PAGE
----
The prevalence of cardiac failure is high in the diabetic population, and diabetic cardiomyopathy is a common but underestimated cause of heart failure in diabetics. Its management involves improving lifestyle, control of glucose and lipid abnormalities, and treatment of hypertension and coronary artery disease if present.

If you are diagnosed with diabetes and are experiencing kidney disease, you may need to monitor your kidney function more closely. Diabetes can lead to kidney damage, which can cause chronic kidney disease (CKD).

If you have diabetes and CKD, your doctor may recommend regular blood tests to determine how well your kidneys are functioning. The test will measure the amount of protein in your urine, which is a sign that the kidneys are working correctly. A low protein level in your urine indicates a problem with the kidneys, which are not adequately filtering waste products.

Diabetes neuropathy is a disease that can affect the body’s ability to regulate blood sugar levels. It is characterised by painful, burning sensations in the feet. This condition can also lead to numbness of the toes, which can be extremely difficult to treat. Diabetes neuropathy is a silent killer that can lead to amputation and blindness if left untreated. The best way to prevent this disease is by keeping your blood sugar levels under control with exercise, diet and medication.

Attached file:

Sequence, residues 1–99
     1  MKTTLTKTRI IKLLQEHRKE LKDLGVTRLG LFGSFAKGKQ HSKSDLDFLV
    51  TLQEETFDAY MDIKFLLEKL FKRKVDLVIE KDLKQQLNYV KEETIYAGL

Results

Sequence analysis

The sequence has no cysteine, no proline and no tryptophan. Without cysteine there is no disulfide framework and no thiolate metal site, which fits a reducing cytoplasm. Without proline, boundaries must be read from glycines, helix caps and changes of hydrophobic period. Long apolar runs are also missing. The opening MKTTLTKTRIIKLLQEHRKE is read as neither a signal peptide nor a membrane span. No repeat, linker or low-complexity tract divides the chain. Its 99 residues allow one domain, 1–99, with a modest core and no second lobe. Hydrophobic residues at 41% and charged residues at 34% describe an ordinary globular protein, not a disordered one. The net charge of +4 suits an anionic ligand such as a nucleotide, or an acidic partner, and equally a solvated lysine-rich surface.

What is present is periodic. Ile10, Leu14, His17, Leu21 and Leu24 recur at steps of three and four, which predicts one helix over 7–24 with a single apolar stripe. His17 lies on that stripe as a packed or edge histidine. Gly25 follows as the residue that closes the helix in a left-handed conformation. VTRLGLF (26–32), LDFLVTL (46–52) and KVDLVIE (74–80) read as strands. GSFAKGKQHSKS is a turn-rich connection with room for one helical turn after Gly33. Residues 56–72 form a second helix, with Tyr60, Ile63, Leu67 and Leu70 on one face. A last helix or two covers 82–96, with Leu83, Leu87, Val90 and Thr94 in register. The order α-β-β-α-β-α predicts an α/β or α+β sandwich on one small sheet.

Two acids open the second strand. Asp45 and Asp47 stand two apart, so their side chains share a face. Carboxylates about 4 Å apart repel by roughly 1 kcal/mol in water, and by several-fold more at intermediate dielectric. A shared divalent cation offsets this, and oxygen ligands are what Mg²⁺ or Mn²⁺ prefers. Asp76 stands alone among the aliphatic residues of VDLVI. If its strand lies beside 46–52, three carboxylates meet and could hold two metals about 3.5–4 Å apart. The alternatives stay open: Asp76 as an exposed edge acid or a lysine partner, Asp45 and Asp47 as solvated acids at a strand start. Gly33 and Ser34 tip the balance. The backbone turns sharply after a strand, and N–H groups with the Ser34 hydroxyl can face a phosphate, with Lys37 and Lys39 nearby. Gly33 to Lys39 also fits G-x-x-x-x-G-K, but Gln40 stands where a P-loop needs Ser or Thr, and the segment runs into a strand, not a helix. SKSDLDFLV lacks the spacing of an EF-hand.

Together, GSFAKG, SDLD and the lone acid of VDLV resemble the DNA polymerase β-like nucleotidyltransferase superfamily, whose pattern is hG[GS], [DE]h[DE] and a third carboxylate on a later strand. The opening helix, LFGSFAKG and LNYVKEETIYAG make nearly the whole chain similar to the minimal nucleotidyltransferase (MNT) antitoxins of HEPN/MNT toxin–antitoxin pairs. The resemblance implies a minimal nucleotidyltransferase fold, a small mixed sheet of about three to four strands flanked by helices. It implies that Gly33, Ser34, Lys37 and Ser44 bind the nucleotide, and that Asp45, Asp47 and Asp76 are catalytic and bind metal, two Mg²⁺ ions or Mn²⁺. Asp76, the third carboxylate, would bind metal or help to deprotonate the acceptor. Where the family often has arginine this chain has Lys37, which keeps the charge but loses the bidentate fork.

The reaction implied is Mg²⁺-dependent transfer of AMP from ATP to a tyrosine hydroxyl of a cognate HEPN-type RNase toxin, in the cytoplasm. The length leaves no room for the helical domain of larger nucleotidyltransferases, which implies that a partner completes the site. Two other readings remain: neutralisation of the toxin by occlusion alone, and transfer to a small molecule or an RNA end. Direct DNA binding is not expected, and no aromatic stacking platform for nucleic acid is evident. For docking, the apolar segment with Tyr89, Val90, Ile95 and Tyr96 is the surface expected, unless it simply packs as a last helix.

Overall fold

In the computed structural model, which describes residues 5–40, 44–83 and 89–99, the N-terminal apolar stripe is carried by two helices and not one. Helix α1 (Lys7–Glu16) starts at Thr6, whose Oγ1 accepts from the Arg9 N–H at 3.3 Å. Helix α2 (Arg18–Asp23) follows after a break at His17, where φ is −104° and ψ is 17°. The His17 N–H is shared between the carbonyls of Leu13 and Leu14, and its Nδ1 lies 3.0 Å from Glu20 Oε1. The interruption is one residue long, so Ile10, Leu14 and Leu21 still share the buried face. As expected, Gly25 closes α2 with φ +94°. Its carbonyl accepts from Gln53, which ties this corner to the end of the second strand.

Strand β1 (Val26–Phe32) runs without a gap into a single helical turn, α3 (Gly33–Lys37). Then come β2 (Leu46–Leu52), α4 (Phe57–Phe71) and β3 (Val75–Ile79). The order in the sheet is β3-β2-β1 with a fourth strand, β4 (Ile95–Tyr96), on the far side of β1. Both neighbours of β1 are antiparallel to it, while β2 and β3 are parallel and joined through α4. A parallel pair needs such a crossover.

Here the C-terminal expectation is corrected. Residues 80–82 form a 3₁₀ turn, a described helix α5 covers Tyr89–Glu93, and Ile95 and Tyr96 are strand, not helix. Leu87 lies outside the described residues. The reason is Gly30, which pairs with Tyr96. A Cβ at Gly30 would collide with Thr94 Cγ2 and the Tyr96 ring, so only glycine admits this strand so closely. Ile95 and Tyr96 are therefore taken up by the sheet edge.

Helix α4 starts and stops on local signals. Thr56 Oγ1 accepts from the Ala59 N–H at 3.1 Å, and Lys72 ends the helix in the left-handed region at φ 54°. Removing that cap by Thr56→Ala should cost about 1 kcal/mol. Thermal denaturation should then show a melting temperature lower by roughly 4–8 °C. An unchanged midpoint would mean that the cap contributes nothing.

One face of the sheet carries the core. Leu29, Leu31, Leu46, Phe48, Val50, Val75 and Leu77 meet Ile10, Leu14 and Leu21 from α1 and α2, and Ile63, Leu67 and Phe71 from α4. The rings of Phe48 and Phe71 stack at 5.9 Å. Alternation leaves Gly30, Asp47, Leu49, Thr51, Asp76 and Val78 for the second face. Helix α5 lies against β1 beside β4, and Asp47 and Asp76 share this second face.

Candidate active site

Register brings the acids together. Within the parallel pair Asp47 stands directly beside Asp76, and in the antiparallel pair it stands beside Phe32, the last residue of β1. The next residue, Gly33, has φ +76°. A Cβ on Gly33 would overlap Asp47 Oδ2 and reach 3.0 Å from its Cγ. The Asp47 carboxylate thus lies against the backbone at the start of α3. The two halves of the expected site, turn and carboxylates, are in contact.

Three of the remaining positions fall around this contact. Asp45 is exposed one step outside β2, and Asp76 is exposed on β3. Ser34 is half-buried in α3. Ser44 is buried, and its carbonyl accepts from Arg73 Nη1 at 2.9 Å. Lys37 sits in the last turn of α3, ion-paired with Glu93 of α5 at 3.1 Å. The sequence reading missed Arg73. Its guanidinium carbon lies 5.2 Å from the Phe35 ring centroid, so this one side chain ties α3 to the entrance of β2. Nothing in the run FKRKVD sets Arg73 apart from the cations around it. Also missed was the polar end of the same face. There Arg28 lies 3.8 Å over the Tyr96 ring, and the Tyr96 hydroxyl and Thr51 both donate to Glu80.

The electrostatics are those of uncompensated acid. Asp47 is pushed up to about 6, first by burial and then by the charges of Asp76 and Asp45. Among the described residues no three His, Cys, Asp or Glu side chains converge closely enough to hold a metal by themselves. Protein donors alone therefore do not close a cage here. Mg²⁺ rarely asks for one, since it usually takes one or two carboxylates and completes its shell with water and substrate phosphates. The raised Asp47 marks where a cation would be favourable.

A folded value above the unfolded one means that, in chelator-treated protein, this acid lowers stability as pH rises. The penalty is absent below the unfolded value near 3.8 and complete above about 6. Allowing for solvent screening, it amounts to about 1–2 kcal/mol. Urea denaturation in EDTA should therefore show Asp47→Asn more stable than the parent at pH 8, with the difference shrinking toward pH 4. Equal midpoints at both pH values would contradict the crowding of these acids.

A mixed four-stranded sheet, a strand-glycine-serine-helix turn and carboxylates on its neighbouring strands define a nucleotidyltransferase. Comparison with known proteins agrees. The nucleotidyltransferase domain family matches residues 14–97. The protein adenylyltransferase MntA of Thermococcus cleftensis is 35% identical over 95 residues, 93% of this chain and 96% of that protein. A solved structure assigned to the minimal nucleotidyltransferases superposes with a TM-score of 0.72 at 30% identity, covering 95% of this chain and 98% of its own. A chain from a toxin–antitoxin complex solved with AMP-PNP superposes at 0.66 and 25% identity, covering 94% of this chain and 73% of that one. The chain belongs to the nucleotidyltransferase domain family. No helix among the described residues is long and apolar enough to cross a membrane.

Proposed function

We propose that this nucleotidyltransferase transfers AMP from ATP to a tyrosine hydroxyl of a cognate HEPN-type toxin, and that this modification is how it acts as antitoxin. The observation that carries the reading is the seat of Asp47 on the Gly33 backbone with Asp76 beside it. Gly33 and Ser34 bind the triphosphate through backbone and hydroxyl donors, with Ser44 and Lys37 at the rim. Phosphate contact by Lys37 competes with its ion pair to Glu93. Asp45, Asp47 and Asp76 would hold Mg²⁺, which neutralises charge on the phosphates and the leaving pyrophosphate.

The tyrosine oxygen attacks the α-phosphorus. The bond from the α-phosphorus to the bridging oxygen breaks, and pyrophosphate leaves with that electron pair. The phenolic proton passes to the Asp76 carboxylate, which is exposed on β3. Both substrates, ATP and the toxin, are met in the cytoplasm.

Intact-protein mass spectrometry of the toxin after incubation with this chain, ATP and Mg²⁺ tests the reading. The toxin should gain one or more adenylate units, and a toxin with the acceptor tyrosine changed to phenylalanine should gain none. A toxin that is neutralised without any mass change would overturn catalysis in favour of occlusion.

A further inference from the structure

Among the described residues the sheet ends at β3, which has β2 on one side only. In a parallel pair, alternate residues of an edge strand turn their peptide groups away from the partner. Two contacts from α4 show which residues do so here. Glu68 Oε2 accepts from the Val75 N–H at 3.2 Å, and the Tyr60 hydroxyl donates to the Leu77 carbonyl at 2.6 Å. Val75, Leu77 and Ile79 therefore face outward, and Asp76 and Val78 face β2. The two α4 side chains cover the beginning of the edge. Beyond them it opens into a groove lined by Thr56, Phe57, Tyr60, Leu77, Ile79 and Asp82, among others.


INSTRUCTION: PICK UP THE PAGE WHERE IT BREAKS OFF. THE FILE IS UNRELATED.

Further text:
If you are experiencing any of these symptoms, then it is essential that you see a doctor as soon as possible so that they can start treating your condition correctly.

For more information, call 04 292 9777

11 things to do for a healthy life
1. Manage blood pressure. 120/80 mmHg or lower is best.
2. Control cholesterol. Aim for total cholesterol below 200 mg/dL.
3. Reduce blood sugar. Get your HbA1c (an average measure of blood sugar over the past three months) under 5.7 per cent if you have prediabetes or below 6.5 per cent if you have type 2 diabetes.
4. Control blood glucose levels with insulin or other glucose-lowering medications.
5. Monitor blood glucose levels frequently and adjust insulin dosages to keep blood glucose levels within target ranges.
6. Take medication before meals to prevent hypoglycaemia (low blood sugar).
7. Get active. Your goal is 150 minutes per week of moderate-intensity activity or 75 minutes per week of vigorous activity.
8. Eat better. Eat a healthy diet high in fibre, low in fat and sugar, low in sodium, high in complex carbohydrates, low in saturated fat, and moderate in protein (with adequate iron intake).
9. Lose weight. You want a body mass index (BMI) of less than 25.
10. Stop smoking. You’ll reap cardiovascular benefits, not to mention lowering your risk for cancer, chronic obstructive pulmonary disease, and much more.